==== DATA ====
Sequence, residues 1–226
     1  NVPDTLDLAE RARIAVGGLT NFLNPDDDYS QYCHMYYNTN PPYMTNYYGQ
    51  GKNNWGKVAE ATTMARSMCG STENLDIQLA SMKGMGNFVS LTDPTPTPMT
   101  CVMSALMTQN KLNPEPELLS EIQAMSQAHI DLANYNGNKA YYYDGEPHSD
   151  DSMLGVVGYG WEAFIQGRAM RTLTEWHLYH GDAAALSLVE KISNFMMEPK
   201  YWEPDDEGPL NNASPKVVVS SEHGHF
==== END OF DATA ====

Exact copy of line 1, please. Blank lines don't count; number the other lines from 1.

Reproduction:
Sequence, residues 1–226